A secret, a bullet heck, and a platformer – this week in mobile gaming

Okay, it’s not a secret because I’m dying to tell you: I managed to pick up Haak when it was accidentally released on iOS for like 24 hours. It’s a mobile port of a metroidvania currently available on Steam and Nintendo Switch and oh my god is it one of the best metroidvania games I have ever played. It’s currently set to release sometime in December and when it eventually comes out, I’m going to be talking ALL about it.

Ahem… anyway… You know how in the previous post I mentioned that I tend to hyperfocus on games? Well sometimes I’m the same with ideas. I’ve long wanted to put posts like this on YouTube, along with reviews and so on… Well prepare your eyeballs, because we’re moving on up, baby! I’ve spent weeks, nay, months, crafting the first set of videos and while it’s not quite ready yet, I’m getting over the fear of putting myself out there. Who knows, you might even discover this post through the video that I’m currently making about it.

Rambling aside though (again), I’ve found some pretty spectacular games on mobile recently and this week is no different. As always, I hope you check some of these games out and come back next time!

What I’m playing:

Void Organism

Void Organism (careful not to misread that) is a neat concept. It’s a story-focused adventure game: you’re part of a space salvage team exploring a seemingly abandoned spaceship to work out whether it’s safe to recover. Things go about about as well as you’d expect.

The controls are pretty simple. You swipe to float in that direction, and tap the screen to grab on to a nearby wall. Of course there’s plenty of obstacles along the way, from tricky corridors, to gravity wells that suck you in towards themselves, to strange bouncy plants, to… I’m not sure what those other things are.

And while all these work pretty well separately, occasionally the layering of different obstacles can get pretty frustrating. For example, trying to get into a tight corridor while you’re being pulled at by two different gravity wells with nowhere to land is a sure-fire way to get stuck. This can get a bit rough even if you’re not aiming for higher ranks, which you get by completing each level faster and with fewer jumps.

There are 16 levels to the game, which means it’s a nice compact experience that you can enjoy for the low low price of absolutely, completely and totally free. What’s not compact is the file size, clocking in at a mind-boggling 2.29 gigabytes. For context, I have 442 games installed on my device (covering games does a number on your storage capacity) and Void Organism is the 5th largest game on there, after the cinematic-heavy Republique, the enormous Gunfire Reborn, and a few others.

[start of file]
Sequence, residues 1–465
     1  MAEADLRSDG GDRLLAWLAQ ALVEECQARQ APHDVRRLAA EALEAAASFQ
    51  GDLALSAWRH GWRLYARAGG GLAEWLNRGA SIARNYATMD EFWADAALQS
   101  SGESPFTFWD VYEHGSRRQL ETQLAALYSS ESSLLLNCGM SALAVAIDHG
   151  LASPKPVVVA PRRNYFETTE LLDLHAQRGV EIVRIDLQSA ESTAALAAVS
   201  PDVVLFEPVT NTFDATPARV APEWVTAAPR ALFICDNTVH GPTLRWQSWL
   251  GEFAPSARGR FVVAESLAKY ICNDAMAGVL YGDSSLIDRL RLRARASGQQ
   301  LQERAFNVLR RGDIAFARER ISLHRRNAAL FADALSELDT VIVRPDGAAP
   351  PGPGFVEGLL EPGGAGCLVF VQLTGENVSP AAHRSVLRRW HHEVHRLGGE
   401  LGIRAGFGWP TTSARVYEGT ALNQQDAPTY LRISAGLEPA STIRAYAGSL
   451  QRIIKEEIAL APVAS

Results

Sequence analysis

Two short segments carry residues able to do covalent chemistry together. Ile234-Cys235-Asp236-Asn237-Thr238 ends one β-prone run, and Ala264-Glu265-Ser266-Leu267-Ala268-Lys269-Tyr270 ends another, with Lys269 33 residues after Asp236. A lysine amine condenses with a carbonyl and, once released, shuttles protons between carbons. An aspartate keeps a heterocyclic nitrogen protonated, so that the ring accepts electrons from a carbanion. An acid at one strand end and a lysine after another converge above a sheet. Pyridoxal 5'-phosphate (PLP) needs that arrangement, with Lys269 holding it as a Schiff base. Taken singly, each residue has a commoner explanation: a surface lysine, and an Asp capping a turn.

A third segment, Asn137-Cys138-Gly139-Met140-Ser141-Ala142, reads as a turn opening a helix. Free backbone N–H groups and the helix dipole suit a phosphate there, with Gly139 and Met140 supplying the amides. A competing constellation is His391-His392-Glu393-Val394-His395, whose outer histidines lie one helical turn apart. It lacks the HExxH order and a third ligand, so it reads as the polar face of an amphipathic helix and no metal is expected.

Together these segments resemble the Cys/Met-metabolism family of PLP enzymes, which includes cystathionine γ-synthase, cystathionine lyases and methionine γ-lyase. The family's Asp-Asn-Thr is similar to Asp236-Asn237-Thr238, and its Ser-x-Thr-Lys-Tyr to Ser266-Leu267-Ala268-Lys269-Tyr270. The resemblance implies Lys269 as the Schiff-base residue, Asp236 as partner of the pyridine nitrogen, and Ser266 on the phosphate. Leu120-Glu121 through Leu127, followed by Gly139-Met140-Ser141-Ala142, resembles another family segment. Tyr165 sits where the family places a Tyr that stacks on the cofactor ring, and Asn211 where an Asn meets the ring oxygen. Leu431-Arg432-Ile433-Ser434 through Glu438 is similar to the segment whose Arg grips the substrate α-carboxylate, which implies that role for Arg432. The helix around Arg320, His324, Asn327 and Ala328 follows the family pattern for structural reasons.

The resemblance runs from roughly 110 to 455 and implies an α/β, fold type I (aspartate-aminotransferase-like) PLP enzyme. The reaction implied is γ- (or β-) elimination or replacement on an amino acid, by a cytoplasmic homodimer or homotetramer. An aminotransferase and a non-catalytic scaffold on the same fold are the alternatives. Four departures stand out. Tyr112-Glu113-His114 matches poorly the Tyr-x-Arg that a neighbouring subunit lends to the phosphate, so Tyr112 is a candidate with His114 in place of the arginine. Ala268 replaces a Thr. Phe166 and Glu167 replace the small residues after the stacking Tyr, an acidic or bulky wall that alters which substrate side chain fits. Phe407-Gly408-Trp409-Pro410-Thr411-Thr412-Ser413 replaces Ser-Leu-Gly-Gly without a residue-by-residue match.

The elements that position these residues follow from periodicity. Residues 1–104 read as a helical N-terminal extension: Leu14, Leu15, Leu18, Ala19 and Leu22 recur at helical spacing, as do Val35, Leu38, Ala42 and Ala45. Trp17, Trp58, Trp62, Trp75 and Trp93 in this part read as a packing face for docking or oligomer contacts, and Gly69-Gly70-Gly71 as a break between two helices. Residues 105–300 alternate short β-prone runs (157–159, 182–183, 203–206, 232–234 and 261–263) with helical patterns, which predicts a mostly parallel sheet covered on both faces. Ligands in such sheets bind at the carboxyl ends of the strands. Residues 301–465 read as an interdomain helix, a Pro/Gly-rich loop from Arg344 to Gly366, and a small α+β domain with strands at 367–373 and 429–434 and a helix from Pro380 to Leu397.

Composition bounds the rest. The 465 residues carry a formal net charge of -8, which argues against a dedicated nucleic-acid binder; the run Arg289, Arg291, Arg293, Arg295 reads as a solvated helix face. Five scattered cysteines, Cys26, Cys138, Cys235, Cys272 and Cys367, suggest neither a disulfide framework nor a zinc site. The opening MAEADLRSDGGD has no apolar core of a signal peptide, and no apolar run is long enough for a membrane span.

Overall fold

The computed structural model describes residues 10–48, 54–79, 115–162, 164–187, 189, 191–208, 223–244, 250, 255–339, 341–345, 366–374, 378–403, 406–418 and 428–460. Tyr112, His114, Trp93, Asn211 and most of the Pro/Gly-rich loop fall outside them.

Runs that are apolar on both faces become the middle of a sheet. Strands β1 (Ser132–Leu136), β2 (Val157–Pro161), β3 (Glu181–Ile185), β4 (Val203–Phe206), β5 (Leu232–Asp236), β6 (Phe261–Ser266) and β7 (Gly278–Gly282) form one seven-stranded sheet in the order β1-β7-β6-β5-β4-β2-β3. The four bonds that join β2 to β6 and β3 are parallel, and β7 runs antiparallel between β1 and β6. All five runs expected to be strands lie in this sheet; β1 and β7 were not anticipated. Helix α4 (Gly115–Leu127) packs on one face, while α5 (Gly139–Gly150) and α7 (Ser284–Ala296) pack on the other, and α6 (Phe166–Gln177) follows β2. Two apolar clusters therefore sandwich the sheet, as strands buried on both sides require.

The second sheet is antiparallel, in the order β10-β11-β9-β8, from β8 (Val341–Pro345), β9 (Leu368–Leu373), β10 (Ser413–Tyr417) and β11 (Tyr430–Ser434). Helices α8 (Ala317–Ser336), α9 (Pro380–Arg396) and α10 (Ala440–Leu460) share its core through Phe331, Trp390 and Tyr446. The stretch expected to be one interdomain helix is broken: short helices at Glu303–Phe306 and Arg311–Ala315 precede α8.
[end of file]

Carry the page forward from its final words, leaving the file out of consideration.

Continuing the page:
Void Organism is a laid back experience that’s absolutely worth playing for free, if you can spare the space.

Void Organism is available on iOS and Google Play for completely and entirely free.

20 Minutes Till Dawn

Since mobile is my primary platform, I entirely missed Vampire Survivors and the genre it spawned seemingly overnight. And just like any new trend, games seem to be lumped together based on the slightest passing resemblance, including this one: 20 Minutes Till Dawn. But let’s not get bogged down in defining the genre, because this game is hella awesome.

It’s you against an increasingly-dangerous horde of lovecraftian horrors and a 20 minute timer. With every kill you get experience, and with every level-up you get an upgrade. There’s multiple characters and weapons to unlock that somewhat modify each run, but ultimately it’s your choice of upgrades that define each run. And boy oh boy are there some wild upgrade combinations.

My first run was pretty simple. I went for upgrades that sounded good at the time and, expectedly, met an untimely demise. The second run, I focused on synergies but was ultimately taken out by a boss. And on the third run, I went with upgrades that I didn’t think would work very well, but sounded fun. Spoiler alert, that was my best run.

This is the secret sauce of the game (and possibly the genre). The game gives you options, but it’s entirely up to you to combine them however you see fit. Some combos will work, some will be amazing, and others still will leave you with bite marks in unexpected places.